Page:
Rule out adjustment disorder, chronic (−2). The patient does not describe a significant event or stressor that occurred within 6 months of the onset of symptoms. The stressor, if it is finding a job or moving back home to live with her mother, may be chronic, but her symptoms preceded this time frame.

Rule out generalized anxiety disorder (−2). This patient does describe excessive anxiety and worry about her future after completing her MBA, which is legitimate since she did not show up for interviews. She also describes having panic attacks in public and is having difficulty controlling the worry as evidenced by her OCD symptoms. She does not describe being restless or keyed up, easily fatigued, irritable, or having muscle tension. She only meets 2 of 6 criteria regarding the anxiety and worry, e.g., difficulty concentrating and sleep disturbance. She is worried about specific stressors rather than having general anxiety over numerous issues.

Rule out anxiety disorder, not otherwise specified (−2). Because this patient's symptoms can be better categorized as OCD and panic disorder with agoraphobia, this is not an appropriate diagnosis.

Rule out obsessive-compulsive personality disorder (−2). There is evidence that the patient received comments about being inflexible and describes herself in terms that suggest some perfectionism and dedication to her work; however, she does not meet the criteria of a pervasive pattern of preoccupation with orderliness, perfectionism, and mental and interpersonal control, at the expense of flexibility, openness, and efficiency, beginning by early adulthood and present in a variety of contexts.

 
+

DECISION POINT C

C1. ____+2 True
C2. ____+2 False
C3. ____+2 True
C4. ____+2 False
C5. ____+2 True
C6. ____+2 False. The mean age at OCD onset ranges in epidemiological studies between 22 and 35 years, with at least one third of cases beginning by age 15 years.
C7. ____+2 False. The heritability of panic disorder has been estimated to be approximately 43%.
C8. ____+2 True
C9. ____+2 True
C10.+2 True

+

DECISION POINT D

D1. ____+2 True. The therapeutic alliance is key to joining the therapist and the patient in a joint enterprise that will enable the patient to feel comfortable, especially while enduring therapeutic techniques such as ERP in which the patient must endure anxiety-provoking experiences for that anxiety to be relieved by desensitization. The therapist must gauge the aggressiveness of the treatment and the nuances of the patient's response to treatment and essentially understand the patient as much as possible to best facilitate a restructuring of his or her link between unwanted cognitions and behaviors.
D2. ____−2 False. You can establish an educated diagnostic picture, but you would not avoid the process of building rapport as described in answer D1, nor would you send the patient off to another therapist or prescribe a medication to a medication-naive patient without first closely observing his or her response to treatment. This would be considered a dangerous action.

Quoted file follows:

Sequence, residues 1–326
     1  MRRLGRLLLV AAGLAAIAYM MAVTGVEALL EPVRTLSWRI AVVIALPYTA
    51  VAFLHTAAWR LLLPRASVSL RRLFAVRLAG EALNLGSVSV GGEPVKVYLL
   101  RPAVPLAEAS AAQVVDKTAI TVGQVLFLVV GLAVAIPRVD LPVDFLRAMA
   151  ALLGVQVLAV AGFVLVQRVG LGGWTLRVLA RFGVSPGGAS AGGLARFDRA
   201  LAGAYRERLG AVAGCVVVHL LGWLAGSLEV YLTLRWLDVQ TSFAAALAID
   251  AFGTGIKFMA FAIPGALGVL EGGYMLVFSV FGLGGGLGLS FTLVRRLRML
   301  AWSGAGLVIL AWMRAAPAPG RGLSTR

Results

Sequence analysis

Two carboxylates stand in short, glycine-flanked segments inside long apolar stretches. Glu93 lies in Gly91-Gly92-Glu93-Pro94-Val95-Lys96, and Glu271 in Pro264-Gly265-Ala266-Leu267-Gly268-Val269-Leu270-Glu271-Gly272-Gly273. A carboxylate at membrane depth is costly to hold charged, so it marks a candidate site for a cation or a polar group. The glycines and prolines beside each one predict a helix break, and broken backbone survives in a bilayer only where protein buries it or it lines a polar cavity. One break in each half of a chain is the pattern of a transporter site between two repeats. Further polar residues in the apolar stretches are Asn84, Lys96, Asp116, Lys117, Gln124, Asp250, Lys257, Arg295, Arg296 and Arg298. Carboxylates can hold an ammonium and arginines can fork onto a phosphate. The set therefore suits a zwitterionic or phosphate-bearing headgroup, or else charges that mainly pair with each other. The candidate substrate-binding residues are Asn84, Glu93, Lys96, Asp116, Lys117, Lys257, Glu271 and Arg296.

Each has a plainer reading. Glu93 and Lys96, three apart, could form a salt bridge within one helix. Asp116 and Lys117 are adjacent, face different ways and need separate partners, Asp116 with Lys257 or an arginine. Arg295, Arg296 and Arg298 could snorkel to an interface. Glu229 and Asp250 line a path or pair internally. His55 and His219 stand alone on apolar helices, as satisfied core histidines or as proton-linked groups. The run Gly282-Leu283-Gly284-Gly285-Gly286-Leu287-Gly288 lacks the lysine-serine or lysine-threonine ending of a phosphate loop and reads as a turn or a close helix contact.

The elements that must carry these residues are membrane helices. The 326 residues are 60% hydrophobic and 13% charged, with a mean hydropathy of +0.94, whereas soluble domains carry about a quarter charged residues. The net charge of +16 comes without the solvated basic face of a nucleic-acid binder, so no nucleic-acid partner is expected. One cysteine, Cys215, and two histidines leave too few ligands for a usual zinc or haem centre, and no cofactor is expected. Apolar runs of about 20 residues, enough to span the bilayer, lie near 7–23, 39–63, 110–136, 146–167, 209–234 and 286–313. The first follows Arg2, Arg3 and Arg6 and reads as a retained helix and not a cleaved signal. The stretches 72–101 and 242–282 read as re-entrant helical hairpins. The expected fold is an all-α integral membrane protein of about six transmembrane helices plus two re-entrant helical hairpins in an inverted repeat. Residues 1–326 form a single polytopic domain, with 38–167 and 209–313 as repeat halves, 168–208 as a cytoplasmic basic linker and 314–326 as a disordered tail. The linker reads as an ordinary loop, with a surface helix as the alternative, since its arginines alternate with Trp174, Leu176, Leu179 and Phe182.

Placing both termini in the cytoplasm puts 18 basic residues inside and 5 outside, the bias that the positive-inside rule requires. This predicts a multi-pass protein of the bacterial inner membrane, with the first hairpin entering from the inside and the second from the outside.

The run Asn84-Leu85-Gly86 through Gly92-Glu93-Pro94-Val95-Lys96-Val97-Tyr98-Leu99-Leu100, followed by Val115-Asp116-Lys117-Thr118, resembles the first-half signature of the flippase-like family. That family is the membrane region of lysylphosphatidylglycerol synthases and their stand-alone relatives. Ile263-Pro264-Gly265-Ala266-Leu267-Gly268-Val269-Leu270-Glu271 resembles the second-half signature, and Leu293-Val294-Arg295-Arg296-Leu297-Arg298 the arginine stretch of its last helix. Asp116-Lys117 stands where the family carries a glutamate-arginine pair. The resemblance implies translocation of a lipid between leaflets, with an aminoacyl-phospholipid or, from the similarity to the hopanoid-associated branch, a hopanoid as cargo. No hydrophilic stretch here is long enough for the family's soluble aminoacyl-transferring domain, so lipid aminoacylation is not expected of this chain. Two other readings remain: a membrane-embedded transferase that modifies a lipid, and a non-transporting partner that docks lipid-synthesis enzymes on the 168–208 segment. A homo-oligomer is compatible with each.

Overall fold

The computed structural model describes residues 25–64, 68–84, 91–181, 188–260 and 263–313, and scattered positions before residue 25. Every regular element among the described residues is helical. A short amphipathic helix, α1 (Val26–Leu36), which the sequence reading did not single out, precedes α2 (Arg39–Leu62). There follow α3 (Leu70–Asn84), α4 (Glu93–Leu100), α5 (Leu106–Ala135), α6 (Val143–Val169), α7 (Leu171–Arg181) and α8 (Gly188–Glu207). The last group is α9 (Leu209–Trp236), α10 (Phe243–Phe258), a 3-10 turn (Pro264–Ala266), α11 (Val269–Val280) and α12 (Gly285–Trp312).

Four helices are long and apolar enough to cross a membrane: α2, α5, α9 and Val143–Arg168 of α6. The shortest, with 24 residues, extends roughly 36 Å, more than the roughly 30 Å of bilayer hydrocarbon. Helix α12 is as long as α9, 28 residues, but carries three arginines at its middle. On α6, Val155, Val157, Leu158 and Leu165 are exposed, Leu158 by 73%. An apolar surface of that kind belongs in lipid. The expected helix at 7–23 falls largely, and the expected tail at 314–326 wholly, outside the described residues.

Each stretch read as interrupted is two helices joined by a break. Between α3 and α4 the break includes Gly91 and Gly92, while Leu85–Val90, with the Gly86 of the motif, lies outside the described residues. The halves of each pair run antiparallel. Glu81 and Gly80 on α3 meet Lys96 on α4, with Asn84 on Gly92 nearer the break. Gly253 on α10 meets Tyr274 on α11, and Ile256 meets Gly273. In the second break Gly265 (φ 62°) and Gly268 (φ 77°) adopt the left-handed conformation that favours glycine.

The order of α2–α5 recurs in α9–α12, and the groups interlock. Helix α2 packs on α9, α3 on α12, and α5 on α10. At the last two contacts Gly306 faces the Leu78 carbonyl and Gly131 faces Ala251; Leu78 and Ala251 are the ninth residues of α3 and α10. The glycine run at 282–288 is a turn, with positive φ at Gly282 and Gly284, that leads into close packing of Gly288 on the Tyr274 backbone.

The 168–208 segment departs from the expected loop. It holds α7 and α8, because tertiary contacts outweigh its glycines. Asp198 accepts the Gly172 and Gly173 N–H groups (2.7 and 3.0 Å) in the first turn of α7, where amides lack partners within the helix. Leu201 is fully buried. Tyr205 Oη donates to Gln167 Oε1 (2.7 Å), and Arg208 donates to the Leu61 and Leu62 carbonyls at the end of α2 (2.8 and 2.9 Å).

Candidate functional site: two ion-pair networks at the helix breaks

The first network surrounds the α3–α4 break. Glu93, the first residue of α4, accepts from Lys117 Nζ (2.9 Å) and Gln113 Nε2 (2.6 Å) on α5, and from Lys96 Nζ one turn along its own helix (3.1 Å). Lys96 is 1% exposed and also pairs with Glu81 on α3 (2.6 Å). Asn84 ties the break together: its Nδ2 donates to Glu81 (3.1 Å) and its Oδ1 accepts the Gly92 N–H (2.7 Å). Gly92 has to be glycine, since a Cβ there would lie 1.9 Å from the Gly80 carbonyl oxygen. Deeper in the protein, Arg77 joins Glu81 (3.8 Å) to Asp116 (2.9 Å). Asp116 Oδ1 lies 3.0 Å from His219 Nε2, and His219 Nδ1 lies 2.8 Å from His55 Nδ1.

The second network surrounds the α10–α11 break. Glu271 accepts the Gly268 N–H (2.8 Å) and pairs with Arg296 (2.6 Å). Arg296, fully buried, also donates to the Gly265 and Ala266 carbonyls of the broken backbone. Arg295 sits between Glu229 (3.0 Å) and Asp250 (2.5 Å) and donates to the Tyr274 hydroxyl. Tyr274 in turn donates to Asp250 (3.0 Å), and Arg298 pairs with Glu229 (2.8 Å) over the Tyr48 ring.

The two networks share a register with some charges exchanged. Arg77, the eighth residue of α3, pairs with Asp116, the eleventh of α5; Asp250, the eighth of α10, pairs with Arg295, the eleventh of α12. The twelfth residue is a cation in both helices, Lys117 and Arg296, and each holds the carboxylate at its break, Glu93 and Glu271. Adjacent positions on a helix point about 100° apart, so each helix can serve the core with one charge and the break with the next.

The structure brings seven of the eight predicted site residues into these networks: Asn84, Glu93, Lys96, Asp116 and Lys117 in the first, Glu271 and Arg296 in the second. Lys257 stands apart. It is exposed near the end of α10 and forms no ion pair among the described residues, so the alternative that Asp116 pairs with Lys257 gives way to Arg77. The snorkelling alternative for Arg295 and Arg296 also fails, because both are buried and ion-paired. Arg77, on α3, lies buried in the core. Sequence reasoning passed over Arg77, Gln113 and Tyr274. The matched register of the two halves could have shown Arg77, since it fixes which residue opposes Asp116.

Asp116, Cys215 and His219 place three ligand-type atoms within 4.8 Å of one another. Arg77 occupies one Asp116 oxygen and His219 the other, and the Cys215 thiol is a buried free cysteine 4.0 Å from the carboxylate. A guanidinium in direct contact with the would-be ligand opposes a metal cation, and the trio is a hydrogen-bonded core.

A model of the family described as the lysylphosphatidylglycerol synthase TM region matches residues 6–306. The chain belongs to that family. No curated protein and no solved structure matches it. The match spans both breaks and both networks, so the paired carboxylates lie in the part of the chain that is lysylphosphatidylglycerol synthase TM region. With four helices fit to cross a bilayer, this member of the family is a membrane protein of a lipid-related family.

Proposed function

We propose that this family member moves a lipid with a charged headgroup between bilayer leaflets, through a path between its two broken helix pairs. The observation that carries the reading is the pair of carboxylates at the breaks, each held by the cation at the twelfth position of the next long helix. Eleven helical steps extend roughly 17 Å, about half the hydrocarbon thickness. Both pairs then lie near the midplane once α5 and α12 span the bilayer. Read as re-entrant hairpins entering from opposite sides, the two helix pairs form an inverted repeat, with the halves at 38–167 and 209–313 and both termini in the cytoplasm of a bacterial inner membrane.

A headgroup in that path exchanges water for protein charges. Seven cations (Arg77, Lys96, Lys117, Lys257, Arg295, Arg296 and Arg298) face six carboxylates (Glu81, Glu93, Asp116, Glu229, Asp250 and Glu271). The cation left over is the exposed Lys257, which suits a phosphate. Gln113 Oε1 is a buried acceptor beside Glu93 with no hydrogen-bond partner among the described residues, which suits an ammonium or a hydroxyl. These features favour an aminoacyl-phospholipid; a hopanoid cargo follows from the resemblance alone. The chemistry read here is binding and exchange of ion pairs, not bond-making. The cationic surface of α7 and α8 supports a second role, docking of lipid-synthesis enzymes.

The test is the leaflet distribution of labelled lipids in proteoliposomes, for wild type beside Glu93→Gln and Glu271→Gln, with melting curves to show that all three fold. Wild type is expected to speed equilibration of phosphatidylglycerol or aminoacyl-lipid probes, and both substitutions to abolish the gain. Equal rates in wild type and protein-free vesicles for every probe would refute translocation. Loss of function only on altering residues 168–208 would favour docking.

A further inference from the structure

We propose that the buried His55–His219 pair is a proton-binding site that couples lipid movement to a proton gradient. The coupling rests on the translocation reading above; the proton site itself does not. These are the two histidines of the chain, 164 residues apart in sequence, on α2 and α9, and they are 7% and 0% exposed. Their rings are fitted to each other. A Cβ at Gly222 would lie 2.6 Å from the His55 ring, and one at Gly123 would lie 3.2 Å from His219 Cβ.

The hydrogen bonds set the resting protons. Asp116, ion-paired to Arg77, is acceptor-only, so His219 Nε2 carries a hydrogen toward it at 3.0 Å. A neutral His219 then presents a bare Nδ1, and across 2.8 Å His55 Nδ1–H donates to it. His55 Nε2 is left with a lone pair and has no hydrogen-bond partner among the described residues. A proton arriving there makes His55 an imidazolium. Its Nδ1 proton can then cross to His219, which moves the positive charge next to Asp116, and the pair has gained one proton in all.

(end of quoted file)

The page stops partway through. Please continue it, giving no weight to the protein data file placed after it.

D3. ____+2 True
D4. ____+2 True
D5. ____+2 True
D6. ____+2 True
D7. ____+2 True
D8. ____+2 True

+

DECISION POINT E

E1. ____+3 Starting with CBT and ERP alone is certainly acceptable. Given this patient's severity of symptoms plus major depressive symptoms, once you determine that she is not at risk for bipolar disorder and developing a mixed state from use of an SRI, you would probably want to begin treatment with pharmacotherapy simultaneously. Studies have shown that combination therapies of CBT with ERP and SRIs are more effective than CBT or medications alone. However, beginning with psychotherapy alone is still considered an effective strategy before starting medications. This patient has been through many medication trials and has never tried CBT with ERP, so she might prefer this approach. Starting with psychotherapy with this particular patient may be useful to build rapport and trust with you.
E2. ____+5 Assuming you have ruled out bipolar disorder, this patient would benefit most from a more aggressive approach including both psychotherapy and psychopharmacotherapy. Studies have shown that combining therapies is more effective than monotherapy in some patients. Of course, you need to know what treatments she had with her prior psychiatrist so as not to repeat past failures
E3. ____+3 Starting with an SRI alone is acceptable, especially if the patient has had good results in the past and does not wish to do psychotherapy. SRIs are the first-line treatment of choice because they have a better side effect profile than the older gold standard, clomipramine.